As a University of Washington graduate, I’m not known for my ringing endorsements of the Oregon football program.
Suffice it to say that the Ducks were easy to root for when they were scrappy underdogs during the latter stages of the Rich Brooks coaching era in the early 1990s. They’re less sympathetic as the often overbearing Nike-fueled plutocrats of recent years, particularly after making an end run or two around NCAA recruiting regulations.
That said, my gut feeling is that Oregon is this season’s designated victim of college football’s BCS selection process — and few people outside of Eugene care.
While unbeaten Notre Dame and reigning national champion Alabama will collide for the national championship on Jan. 7, the Ducks have been relegated to the Fiesta Bowl four days earlier against Kansas State.
This seems to be fine with the vast majority of the national media, as evidenced by an Associated Press story that appeared last weekend.
“The BCS has been criticized plenty for not getting it right over the years, from all those teams that believed they should have been playing for a national title to last year’s all-SEC championship game,” the writer opened. “But for all its faults, the system seemed to work this season, producing a match-up for the ages: Notre Dame vs. Alabama.”
In terms of producing a television-friendly showdown of traditional college football powers, the system indeed worked. That claim is more questionable if the objective is to identify the nation’s top two teams.
Notre Dame, which emerged unscathed — although not always impressively — from one of the nation’s toughest schedules, is an obvious choice for play for a national championship.
But Oregon’s credentials for the other berth in the BCS title game are at least as strong as Alabama’s.
The Crimson Tide lost once, to 10th-ranked Texas A&M, and had several close calls this season. Aside from their lone loss, in overtime to No. 8 Stanford, the Ducks dominated every opponent.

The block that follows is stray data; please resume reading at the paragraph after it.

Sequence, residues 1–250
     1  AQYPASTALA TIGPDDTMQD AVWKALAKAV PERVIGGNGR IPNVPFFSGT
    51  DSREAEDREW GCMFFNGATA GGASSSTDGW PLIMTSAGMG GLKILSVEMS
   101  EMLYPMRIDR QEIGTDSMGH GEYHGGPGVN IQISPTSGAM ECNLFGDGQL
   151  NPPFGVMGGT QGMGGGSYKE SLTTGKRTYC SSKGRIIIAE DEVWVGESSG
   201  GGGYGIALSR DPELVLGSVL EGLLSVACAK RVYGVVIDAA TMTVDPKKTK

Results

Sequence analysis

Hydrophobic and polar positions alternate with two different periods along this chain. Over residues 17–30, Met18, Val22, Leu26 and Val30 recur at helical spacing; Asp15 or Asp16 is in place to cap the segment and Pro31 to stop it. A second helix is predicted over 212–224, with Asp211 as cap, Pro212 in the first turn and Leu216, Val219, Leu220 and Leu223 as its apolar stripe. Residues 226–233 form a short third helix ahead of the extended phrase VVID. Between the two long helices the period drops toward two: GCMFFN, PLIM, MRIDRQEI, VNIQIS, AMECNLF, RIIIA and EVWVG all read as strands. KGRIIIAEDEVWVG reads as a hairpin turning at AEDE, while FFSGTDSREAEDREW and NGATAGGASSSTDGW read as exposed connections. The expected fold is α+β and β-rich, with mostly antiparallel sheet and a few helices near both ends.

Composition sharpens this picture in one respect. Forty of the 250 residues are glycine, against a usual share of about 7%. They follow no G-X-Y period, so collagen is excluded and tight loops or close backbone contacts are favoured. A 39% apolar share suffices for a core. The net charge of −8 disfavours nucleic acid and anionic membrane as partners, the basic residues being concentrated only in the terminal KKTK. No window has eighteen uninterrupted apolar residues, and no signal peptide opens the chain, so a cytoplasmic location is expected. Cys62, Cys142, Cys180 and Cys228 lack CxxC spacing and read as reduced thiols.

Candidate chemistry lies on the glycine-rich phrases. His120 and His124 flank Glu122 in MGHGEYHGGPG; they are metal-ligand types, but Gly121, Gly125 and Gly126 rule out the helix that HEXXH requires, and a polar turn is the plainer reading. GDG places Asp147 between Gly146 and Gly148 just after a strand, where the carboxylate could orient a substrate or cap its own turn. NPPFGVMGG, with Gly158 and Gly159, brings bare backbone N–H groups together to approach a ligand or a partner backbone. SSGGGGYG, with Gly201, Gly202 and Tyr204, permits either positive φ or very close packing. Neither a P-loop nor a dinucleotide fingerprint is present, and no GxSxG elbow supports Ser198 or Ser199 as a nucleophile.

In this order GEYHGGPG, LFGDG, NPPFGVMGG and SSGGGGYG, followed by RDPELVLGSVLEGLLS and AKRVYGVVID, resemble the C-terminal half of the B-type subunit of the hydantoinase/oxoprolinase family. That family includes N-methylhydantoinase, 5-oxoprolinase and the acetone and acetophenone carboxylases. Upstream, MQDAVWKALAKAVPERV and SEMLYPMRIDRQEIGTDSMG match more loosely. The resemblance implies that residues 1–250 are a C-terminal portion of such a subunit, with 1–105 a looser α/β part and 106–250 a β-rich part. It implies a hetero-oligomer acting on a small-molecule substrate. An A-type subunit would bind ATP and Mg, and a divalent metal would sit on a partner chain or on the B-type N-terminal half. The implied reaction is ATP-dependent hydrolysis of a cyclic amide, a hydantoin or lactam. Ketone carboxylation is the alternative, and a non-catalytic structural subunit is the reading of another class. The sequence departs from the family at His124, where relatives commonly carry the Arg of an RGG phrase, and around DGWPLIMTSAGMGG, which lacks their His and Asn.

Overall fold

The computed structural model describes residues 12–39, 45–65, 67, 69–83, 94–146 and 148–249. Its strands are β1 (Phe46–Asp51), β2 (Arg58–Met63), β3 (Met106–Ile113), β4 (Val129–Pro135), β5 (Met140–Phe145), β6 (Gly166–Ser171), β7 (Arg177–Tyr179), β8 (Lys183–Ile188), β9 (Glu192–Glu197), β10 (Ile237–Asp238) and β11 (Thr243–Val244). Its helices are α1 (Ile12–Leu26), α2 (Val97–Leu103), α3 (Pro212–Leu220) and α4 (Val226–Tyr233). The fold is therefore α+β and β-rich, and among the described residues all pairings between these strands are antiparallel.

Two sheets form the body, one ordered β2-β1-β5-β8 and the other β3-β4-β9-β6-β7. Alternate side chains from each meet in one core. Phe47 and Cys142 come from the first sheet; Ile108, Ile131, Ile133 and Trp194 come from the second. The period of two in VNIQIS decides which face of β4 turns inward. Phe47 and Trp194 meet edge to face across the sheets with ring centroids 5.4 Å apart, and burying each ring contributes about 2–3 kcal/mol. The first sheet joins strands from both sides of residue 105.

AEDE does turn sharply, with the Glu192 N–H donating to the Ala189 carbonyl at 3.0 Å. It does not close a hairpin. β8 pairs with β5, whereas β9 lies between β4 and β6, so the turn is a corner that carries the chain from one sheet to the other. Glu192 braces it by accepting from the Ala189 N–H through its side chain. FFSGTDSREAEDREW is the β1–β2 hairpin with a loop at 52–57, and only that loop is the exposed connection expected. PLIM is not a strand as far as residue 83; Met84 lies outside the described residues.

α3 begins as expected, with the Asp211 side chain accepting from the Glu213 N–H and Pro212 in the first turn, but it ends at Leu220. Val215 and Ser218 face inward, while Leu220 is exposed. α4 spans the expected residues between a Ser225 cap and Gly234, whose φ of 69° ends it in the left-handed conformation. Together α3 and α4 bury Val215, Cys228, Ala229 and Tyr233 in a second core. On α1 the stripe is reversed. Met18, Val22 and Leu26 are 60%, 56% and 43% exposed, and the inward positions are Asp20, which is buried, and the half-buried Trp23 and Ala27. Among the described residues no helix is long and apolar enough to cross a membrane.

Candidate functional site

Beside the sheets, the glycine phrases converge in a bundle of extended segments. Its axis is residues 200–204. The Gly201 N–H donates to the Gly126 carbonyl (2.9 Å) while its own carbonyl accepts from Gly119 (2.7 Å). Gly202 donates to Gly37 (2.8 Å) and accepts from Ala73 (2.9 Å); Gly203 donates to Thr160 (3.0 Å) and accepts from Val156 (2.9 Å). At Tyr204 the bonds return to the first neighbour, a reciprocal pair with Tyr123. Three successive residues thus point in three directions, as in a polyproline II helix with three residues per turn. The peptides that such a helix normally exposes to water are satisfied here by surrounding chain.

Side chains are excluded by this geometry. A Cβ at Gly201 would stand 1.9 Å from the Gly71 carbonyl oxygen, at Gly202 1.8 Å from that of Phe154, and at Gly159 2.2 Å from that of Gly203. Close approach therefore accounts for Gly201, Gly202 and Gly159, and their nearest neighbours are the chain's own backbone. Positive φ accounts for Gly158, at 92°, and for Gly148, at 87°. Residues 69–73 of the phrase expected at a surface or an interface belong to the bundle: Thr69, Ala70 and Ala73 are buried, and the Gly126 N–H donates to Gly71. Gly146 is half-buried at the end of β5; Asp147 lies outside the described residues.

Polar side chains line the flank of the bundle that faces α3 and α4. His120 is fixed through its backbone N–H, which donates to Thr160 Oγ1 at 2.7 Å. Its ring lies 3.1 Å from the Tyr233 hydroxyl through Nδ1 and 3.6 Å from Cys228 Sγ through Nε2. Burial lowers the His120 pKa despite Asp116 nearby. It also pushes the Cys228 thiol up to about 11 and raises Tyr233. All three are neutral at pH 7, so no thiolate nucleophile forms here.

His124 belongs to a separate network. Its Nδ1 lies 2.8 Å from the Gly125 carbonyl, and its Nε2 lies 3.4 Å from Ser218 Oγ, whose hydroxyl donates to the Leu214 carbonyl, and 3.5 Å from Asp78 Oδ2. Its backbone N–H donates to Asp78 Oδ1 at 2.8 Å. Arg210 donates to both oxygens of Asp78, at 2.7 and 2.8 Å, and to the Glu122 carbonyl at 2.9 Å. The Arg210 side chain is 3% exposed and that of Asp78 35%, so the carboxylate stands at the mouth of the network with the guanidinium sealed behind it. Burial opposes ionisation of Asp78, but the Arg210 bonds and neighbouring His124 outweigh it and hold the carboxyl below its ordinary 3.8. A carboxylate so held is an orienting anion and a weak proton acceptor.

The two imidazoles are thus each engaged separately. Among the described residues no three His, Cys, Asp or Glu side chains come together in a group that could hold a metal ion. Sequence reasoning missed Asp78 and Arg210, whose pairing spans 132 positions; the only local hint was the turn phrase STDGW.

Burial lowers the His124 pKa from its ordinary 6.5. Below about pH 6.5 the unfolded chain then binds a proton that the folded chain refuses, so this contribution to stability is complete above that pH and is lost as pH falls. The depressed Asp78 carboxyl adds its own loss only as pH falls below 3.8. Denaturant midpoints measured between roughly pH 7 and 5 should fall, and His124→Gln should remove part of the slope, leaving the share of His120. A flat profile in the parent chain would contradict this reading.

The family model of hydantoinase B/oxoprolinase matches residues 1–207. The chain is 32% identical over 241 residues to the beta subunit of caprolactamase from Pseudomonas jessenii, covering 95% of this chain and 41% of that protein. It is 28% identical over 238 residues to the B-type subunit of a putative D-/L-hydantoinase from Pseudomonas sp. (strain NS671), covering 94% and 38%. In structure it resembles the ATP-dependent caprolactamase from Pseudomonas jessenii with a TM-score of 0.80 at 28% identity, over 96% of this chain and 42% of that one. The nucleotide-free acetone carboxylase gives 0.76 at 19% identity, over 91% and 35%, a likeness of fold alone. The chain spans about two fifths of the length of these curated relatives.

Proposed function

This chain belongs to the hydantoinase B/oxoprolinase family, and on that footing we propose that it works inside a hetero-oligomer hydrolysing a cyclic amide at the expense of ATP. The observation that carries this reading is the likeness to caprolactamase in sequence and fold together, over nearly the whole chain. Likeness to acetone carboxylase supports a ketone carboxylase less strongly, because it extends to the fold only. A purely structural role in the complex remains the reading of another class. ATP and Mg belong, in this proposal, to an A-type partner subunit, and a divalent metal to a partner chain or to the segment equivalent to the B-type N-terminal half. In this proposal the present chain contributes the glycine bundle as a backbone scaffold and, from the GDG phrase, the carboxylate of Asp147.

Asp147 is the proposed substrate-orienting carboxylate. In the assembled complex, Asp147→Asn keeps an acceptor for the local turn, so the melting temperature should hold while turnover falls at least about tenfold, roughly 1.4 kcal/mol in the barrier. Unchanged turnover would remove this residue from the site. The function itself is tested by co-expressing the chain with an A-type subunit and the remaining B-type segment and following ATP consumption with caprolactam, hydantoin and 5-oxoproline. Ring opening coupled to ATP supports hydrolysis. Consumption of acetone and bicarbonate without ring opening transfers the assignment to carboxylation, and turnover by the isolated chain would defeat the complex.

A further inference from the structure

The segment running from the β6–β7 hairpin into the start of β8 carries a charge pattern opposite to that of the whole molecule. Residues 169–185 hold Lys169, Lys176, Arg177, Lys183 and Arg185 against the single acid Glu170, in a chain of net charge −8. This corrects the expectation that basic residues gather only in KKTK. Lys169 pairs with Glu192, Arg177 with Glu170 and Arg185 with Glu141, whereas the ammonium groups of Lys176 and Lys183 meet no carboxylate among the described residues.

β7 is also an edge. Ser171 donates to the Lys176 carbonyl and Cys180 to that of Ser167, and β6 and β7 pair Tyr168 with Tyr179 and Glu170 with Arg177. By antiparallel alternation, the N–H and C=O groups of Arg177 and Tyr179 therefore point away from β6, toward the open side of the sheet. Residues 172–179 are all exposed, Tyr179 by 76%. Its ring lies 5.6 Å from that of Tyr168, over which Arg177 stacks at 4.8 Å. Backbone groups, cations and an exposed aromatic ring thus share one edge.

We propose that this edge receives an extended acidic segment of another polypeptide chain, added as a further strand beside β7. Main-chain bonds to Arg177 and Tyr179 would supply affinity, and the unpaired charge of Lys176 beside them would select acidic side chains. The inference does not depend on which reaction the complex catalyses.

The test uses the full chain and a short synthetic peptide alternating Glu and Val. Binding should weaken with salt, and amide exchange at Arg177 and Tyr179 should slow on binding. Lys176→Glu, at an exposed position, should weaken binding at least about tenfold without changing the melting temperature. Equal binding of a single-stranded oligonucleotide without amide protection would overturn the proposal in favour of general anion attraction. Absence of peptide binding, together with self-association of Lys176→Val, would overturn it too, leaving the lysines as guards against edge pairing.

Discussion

For that matter, Pac-12 Conference champion Stanford (an unlucky loser to Notre Dame in overtime) would have possessed a legitimate BCS title game argument had it not suffered what now appears to be an inexplicable loss to Washington.
There are three reasons why Alabama got the nod over Oregon.
Most national powers purport to follow what has been called the ABC model of non-conference scheduling. That means one non-leaguer against a nationally ranked club, another game against a mid-level opponent and the third versus a cupcake foe.
Alabama (which played four non-leaguers) may have fattened up on the likes of Western Kentucky, Florida Atlantic and Western Carolina, but the Tide did open its season with a 41-14 rout of Michigan on a neutral field.
The Ducks, in contrast, seemed to have forgotten the entire alphabet. Their non-conference opponents were Arkansas State, Fresno State and Tennessee Tech — all in Eugene.
That’s the primary reason why Oregon was undervalued by the computer services that are mystifyingly given a voice in the national title process.
Then there’s the matter of conference championship games. Alabama rallied past a tough Georgia team in the Southeasterm Conference title contest. The loss to Stanford cost Oregon even a berth in the Pac-12 championship game.
Conference championship games are one element the NCAA selection committee needs to consider when the playoffs are expanded to four teams in a couple of years.
Alabama won last year’s national championship despite being excluded from the SEC title game. Two potential members of a final four this season, Oregon and Florida, were in a similar situation. No team should ever benefit from skipping a tough test.
There’s little doubt, however, that the biggest factor in the BCS matchup is the SEC mystique that evidently gives that conference’s champion (and sometimes an also-ran) a berth in the national championship game by divine right.
It’s a cinch that neither of this year’s finalists would want to play the Ducks as part of an expanded playoff system.
Alabama coach Nick Saban, who always speaks truthfully and unselfishly about issues that affect the integrity of the game (except maybe for that one time when he repeatedly lied about negotiating with the Crimson Tide when he was still coaching the Miami Dolphins), made that clear earlier this season. Seemingly out of the blue, he said the no-huddle offense utilized by Oregon unfairly deceives the defensive club and promotes injuries.
Translated, that means Saban hopes the rulesmakers put some limitations on the no-huddle before his team faces the Ducks in a playoff game.
He should be relieved that it won’t happen this year.